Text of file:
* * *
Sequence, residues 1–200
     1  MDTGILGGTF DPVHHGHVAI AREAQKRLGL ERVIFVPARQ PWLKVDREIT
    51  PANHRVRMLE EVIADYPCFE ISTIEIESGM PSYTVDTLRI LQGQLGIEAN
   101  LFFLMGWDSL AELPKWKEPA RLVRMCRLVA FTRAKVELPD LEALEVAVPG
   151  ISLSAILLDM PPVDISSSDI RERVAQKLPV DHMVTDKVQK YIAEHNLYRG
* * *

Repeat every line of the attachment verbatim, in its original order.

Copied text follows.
Sequence, residues 1–200
     1  MDTGILGGTF DPVHHGHVAI AREAQKRLGL ERVIFVPARQ PWLKVDREIT
    51  PANHRVRMLE EVIADYPCFE ISTIEIESGM PSYTVDTLRI LQGQLGIEAN
   101  LFFLMGWDSL AELPKWKEPA RLVRMCRLVA FTRAKVELPD LEALEVAVPG
   151  ISLSAILLDM PPVDISSSDI RERVAQKLPV DHMVTDKVQK YIAEHNLYRG